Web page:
A district of artists' workshops. When financed by wealthy patrons, Venetian creators can flourish -- and wield considerable cultural influence.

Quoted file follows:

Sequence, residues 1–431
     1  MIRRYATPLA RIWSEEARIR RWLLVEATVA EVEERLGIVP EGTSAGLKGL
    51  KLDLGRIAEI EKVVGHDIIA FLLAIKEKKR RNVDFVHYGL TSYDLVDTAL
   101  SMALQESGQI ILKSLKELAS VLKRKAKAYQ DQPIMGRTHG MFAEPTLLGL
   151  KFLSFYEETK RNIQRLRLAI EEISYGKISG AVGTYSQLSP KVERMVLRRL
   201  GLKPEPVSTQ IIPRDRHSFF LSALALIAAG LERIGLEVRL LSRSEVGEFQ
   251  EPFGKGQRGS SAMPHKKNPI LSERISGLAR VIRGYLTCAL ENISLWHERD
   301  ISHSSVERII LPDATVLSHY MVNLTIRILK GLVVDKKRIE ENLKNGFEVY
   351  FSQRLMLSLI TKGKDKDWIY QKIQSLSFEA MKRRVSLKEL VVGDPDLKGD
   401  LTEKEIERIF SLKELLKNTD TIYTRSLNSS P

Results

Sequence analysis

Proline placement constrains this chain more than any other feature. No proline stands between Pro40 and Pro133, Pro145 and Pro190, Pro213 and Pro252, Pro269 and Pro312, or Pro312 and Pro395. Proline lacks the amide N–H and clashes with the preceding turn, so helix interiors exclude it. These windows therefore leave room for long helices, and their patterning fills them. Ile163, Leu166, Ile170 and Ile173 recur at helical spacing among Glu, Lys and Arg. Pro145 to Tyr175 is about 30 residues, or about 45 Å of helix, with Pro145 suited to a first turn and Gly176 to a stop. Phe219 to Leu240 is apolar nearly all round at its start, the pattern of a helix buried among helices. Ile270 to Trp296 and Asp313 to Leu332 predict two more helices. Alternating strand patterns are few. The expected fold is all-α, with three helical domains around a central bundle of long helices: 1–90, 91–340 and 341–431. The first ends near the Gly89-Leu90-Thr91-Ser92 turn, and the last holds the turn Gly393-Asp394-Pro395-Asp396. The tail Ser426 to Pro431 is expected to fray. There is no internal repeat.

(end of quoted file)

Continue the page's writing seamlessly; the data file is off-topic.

Botteghe di artisti means "artists' studios or workshops" in Italian. For many centuries the term was used to describe sites of artistic production, commerce, and training where the maestro would pass on his knowledge to the young apprentices. These interdisciplinary spaces, which also attracted specialists from other disciplines, promoted creative expression and experimentation while allowing artists to attain new skills and learn more about the arts and sciences. In the 16th century, Venice was the center of the humanist movement that was slowly gaining ground in Europe. Venetian art was then at its peak and patrons were pushing artists to explore both profane and sacred subject matters in their work. The works from the end of the Renaissance period are examples of this search for an ideal of beauty and harmony between man and nature. Artists such as Titian or Tintoretto would profoundly influence the history of art.